“If you choose to read the news, you should question everything.”
With the current state of the world irrational and chaotic, Neck Deep’s newest release is a breath of fresh air. An 11-track social commentary on the balance of life’s relentless ups and downs, The Peace and The Panic is the quintessential 2017 pop-punk album. Each track manifests themes of internal struggle, religion, the afterlife, politics, loss and other fervent topics. It’s this raw, authentic lyricism that sets The Peace and The Panic apart from Neck Deep’s previous musical endeavors. There is a clear progression of thought-provoking words and clean instrumentation. You walk away from this album feeling as though you owe it to yourself to live your best life and that you’re never alone in the way you feel.
The album kicks off with “Motion Sickness” as a canorous introduction of bright vocals and guitar riffs – a staple to Neck Deep’s discography. This is where lead vocalist Ben Barlow introduces the question of the afterlife, as he’s “talking to a ghost about where we go when we go.” For fans of the band’s previous full-length release, Life’s Not Out To Get You, this song as well as “Happy Judgement Day” and “The Grand Delusion” will induce similar reactions. Along with upbeat choruses and catchy hooks, these tracks serve as introspective pieces. In a world filled with fake celebrities and “black cats in the window of parliament,” we need to take a step back from what we choose to see as our realities. Because, often, these realities can be harsh, lonely, and dark. And sometimes, as Barlow points out in “Parachute,” it’d much easier to escape it all, but this is never the right option.
The most successful single off the album with 223,148+ views on YouTube the day of its music video release, “In Bloom” stands out amongst the others. With its slower tempo, simple piano riff, and talk of relationship struggles, it’s an easy-listening middle track. Nevertheless it’s a reminder that even “simpler” problems are still problems — and heartbreak is universal. The one and only feature on the album is Sam Carter of Architects on “Don’t Wait.” For fans who are yearning for the hardcore side of Neck Deep, here’s your song. It’s an exposure of the sweet lies the media tells us to prevent us from asking too many questions. So, hey, everyone listening to The Peace and The Panic: ask your questions. Be curious. Open your mind to the media you choose to internalize. Use the voice you’ve been given. And cultivate your life into a positive one whenever and wherever you can.
If the first half of the album made you think, the second half will break your heart. “Critical Mistake” and “Heavy Lies” are more on the pop side and are all about the complications of love, but it’s the next few tracks that truly show Neck Deep’s depth. “Wish You Were Here” is Barlow reminiscing on a friend who passed away from a car accident. It’s a slow, acoustic track where he notes all the memories they made together and how he can’t help but feel like “it should’ve been him.” Though, the most intense moment on the album comes in “19 Seventy Sumthin’.” As a tribute to his father (who tragically passed away last year) and family, Barlow tells the story of his parents falling in love and creating a life together. In this song and throughout the album, he comments on how life is short and we shouldn’t waste it on menial worries. And the final track brings that message home.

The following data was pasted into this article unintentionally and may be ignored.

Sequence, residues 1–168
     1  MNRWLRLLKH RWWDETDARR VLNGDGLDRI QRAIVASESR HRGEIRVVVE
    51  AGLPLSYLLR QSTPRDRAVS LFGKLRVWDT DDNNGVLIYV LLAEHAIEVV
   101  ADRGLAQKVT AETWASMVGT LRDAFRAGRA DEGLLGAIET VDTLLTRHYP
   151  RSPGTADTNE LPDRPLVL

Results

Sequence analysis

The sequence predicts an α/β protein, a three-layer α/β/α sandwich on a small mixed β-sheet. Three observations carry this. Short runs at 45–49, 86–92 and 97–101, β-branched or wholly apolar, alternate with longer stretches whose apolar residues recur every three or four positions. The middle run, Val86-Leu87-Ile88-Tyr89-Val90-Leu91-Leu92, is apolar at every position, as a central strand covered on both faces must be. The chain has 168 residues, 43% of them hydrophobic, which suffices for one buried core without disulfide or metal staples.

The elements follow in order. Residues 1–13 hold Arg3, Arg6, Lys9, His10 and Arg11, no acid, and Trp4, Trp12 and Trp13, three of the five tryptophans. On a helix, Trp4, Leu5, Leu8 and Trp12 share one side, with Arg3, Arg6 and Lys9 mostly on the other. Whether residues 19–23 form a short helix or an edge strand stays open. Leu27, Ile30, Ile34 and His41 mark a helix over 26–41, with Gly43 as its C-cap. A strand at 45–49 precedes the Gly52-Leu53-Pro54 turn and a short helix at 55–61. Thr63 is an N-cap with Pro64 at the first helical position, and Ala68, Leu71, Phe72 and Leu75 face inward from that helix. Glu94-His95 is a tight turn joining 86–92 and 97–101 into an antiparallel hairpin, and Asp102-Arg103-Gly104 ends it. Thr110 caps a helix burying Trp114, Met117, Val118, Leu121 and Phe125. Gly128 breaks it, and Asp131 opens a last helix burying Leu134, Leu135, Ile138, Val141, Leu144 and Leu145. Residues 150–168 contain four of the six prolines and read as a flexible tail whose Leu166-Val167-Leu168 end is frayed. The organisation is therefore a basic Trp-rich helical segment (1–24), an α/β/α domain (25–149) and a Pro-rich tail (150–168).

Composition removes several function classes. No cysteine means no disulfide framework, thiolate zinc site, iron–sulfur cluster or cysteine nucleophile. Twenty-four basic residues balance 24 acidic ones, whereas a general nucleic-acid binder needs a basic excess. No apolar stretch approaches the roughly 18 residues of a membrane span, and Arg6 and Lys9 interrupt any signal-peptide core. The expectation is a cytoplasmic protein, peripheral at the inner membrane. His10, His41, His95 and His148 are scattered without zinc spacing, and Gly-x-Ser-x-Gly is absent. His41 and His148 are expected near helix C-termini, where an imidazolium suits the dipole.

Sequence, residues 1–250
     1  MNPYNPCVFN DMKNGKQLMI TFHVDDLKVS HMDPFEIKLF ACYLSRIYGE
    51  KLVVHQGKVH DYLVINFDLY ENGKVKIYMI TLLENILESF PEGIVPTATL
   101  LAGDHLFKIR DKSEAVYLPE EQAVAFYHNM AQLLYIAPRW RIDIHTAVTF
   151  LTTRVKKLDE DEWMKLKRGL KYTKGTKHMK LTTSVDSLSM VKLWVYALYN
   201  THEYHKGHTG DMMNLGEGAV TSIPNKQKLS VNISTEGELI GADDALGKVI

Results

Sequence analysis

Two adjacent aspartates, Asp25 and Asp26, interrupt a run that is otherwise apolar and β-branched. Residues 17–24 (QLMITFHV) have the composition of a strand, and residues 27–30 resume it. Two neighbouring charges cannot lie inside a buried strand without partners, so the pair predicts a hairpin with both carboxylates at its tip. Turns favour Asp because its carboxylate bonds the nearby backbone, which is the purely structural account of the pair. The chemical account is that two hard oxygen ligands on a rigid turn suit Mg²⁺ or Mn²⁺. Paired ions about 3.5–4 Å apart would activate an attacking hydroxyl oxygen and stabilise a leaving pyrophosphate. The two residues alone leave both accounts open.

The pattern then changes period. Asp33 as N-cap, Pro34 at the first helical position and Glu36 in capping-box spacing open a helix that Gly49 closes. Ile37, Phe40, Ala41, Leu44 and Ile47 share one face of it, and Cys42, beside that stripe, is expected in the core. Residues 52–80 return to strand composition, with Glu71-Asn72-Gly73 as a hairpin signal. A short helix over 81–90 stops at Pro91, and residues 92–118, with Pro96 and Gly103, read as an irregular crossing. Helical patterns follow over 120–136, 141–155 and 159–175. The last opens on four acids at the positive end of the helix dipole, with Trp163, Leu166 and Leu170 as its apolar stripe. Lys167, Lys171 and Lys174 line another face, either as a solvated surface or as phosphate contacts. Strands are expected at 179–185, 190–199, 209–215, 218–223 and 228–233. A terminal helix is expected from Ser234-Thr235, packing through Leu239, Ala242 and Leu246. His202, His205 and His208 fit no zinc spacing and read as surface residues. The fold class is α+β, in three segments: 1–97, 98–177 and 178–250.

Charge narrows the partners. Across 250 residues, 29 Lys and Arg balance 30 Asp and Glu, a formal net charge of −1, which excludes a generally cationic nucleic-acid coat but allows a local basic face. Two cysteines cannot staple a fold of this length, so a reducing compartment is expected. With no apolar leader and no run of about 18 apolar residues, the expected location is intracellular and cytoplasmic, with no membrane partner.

“Where Do We Go When We Go” (hint: remember the lyric in the first track?) was the first single off the record and starts off with children’s vocals singing a slightly modified version of “Rain, Rain, Go Away.” Though a perfectly melodic pop-punk track, it’s the message that serves as an important album summary. It’s easy to let life pass you by and leave you wondering what should’ve been. We get so caught up in the things that don’t matter, we let life knock us down. But it’s important to know that you’re never alone in the way you feel because somebody, somewhere, has been through what you’ve been through. Maybe not to the same extent and maybe not in the same way. But you have people who will be there for you through the ups and downs, no matter what. You are capable of creating a life filled with happiness, ease, and passion. The Peace and The Panic is a reminder of that. So, read the news and question everything — and make sure your putting your happiness first, always.
The Peace and The Panic is out tomorrow 8/18! Let us know what you think by pre-ordering your copy here. Make sure to check out Neck Deep’s newest music video for “In Bloom,” as well as the newly announced 2018 NA + Canada tour dates below:
See your date? Buy your tickets now because this tour will surely sell out quick!